16. Domain name is the most important part for a website. A good name can change everything. If any one want to start online business site then he/she should choose a beautiful name.though choosing a good name for domain is not a easy task but thanks Ariel for making this easy.
    very useful article. keep it up
    🙂

  17. Hi Ariel,
    Thanks for your article, and now I can try to choose my new domain with more wisely and careful.
    Thanks again, Ariel.

  18. Great tips! Thank you. What about all the new extensions popping up: .today, .life, .center, etc…

    My gut tells me that five years from now, .com will not be the “king” anymore. But I am guessing for now it still is?

    I would love to hear a few thoughts and opinions on using one of the new extensions. Do most people advise against it for now?

    Thank you.

    • Hi Michael, here’s my personal insight regarding those other crazy TLD names: I’d use it as a last resource. For example, if my brand name is called “crazy brand”, I’d probably rather have “crazybrandcompany.com” than “crazybrand.digital”.

      I would really try something that’s in the kingdom of .com, before venturing into anything else, even if it’s .net or .biz or something not as new.

      And most probably is that, in the end, I’d register both (in my previous example).

      I have recently registered a .digital domain, which I use for these 3: as a redirect to my main site, as a custom url shortener (yourls.org) and an email forwarder (shorter domain name means shorter emails too).

      • Thank you Leo!

  19. Very useful article, Ariel.

    I have a country-based URL (ending in .com.au) but would dearly love to also acquire the “.com”. The .com is a parked website (and has been for the past 5+ years). I’ve tried to approach the company that owns the domain (a company that owns literally 1000s of similar domains) but have never had any luck even getting a reply.

    Do you have any suggestions on how I might be able to acquire the domain?

  20. My husband has owned his own business for almost 35 years. At that time, even though domain names weren’t necessary, choosing a good company name was all important. When he eventually needed to have a domain name, he simply added .com to his company name. He had no way of knowing that he should have purchased the domain names for all the variations of his company’s name in order to protect his business. The name began with “DFW” for Dallas/Fort Worth, and ended with “,Inc.” for Incorporated, so there were several ways to say or write the name of his business. One of his competitors, and an ex-employee bought those domain name variations and used his company’s name to get business. He found out one day when he randomly Googled his company name to see where it showed up. It’s been resolved, mostly, but my point is this – there’s always someone who wants what someone else has, and if all the hard work has already been done they want it even more. Internet laws are different than many of the laws that have been protecting individuals and their business ventures in the past. So, when choosing a domain name, and/or a company name, make sure it can’t be easily altered, and by all means, buy any variations you can think of.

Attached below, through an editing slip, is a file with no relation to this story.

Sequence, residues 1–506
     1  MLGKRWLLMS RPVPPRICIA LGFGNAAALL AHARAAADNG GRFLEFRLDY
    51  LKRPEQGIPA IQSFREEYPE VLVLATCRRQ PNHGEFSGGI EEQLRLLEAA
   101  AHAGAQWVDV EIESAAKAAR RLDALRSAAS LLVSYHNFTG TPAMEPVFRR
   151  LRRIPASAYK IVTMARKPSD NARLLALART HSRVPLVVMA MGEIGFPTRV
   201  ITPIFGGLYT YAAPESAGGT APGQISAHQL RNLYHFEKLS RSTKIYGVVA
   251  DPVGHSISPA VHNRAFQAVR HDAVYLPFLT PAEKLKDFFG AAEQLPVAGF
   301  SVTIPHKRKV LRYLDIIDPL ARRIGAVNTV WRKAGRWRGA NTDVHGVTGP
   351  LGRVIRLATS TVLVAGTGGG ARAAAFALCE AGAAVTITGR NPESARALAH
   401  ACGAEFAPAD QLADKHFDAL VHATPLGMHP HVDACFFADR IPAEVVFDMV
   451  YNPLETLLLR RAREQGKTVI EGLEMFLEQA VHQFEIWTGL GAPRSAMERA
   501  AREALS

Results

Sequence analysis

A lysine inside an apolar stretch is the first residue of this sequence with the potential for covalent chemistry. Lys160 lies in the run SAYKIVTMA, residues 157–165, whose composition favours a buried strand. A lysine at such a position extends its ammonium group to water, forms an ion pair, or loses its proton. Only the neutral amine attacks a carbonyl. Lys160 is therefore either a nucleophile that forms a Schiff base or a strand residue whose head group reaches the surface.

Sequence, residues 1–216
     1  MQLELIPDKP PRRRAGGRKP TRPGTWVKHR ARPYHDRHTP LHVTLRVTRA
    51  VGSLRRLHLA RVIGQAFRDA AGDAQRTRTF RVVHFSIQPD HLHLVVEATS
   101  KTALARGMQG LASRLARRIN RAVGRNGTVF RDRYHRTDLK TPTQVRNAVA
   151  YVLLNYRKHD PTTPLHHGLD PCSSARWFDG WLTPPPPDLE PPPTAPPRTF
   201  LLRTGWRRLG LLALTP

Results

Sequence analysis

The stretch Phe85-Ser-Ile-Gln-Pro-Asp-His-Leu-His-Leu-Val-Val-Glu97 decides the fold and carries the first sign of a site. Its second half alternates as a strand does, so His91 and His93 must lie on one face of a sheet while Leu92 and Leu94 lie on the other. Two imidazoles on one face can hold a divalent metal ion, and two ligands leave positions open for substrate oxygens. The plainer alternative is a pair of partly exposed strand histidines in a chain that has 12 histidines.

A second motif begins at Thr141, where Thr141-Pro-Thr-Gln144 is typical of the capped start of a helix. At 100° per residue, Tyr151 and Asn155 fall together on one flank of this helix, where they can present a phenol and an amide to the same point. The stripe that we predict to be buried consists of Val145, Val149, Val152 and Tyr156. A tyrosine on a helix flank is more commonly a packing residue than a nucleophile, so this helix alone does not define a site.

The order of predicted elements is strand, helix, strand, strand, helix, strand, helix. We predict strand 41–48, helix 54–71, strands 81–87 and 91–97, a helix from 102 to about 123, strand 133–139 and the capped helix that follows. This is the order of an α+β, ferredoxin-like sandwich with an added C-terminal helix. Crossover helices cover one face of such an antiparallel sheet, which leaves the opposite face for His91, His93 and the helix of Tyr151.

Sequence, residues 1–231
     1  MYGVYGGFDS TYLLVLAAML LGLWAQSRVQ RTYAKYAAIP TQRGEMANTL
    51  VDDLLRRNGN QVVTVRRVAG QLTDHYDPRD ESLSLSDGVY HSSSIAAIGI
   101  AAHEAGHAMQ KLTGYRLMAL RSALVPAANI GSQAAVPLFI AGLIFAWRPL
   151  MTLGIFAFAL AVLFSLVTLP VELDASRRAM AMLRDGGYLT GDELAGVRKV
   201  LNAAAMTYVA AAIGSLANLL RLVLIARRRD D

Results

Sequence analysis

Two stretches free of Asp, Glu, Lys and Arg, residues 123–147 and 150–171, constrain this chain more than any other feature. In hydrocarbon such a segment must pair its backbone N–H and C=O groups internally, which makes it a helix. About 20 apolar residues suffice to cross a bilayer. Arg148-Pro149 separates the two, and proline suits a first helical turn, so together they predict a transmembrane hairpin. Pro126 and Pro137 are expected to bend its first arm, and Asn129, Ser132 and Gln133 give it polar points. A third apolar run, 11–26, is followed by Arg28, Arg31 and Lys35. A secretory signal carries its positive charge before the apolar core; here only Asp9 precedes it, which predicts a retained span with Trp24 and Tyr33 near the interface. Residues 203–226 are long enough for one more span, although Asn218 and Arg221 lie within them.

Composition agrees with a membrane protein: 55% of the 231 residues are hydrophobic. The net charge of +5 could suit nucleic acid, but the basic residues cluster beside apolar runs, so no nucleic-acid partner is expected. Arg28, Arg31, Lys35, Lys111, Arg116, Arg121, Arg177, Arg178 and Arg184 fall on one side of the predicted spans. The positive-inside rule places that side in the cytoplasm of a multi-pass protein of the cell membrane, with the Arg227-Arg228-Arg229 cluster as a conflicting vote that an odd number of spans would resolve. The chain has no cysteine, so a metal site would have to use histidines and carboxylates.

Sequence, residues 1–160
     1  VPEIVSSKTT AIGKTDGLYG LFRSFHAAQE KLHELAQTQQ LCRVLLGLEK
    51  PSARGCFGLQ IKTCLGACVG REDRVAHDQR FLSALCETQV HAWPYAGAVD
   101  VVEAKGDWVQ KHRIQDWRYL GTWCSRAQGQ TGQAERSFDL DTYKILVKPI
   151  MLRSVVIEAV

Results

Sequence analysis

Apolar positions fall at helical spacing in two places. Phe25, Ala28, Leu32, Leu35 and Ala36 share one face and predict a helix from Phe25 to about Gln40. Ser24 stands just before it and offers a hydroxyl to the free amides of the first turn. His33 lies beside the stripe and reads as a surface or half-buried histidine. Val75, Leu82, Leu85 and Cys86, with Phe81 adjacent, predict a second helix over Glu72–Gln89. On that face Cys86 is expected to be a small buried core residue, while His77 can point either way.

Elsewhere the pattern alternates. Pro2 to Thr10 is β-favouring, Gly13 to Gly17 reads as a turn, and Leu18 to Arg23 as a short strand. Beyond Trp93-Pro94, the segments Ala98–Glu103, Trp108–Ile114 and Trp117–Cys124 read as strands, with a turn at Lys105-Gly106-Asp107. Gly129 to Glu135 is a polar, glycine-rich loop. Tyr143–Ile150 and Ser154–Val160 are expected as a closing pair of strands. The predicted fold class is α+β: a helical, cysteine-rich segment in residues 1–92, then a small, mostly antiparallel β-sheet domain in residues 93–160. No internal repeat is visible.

21. You notice my domain is not a “.com” domain. While we probably all wish that we could own the .com version of our company name it is not always possible and not always necessary. Here in Canada more and more businesses are using “.ca” as their go-to choice and it is the one I recommend to all my clients. I know in the US there is the “.us” option now available and I did register it for my company for a year or so but I do not think it has gained the same traction in the US market—probably because of the number of articles that maintain the same .com, .org, .net breakdown from the 90’s. Not sure if this link is allowed here, but if it is here is my post regarding getting a .ca domain for your Canadian company: http://catfishcreative.ca/your-canadian-small-business-must-have-a-com-domain-i-beg-to-differ/

  22. Ariel: I noticed a number of primary domains that include the word “Divi”. While WordPress does not authorize the use of there name in a main domain (WP is ok), other brands like Joomla do allow the use of their full name as long as your site makes it clear that you are NOT “endorsed” by………..
    What is ET’s position on this?
    I plan to launch a new resource focused on Divi.
    PS: I just hope you don’t drop the name Divi and go to “Extra” 🙂

  23. A great domain name, the brand name, pays for itself a thousand times over in the long run, actually many thousands. Startups who do not acquire the .com domain of their choice at the beginning tend to get it later down the road.

    • You are right, people just loves to visits sites whose domain name is usually dot com. The newer domain extension might be ok but dot com and .net are best. It’s also good to have keywords in your domain name if you are only going to target that particular niche. Every domain name worth buying should be bought if that gives a brand advantage over it’s competitors. Every big name we know such as google, bing, amazon, yahoo and million others has dot com domain names because they knew it’s worth having one.

  24. I agree having a memorable and relevant name will not only help people remember your website, it will help you rank better.

    There is a reason why people go after certain keywords for domains, because it works!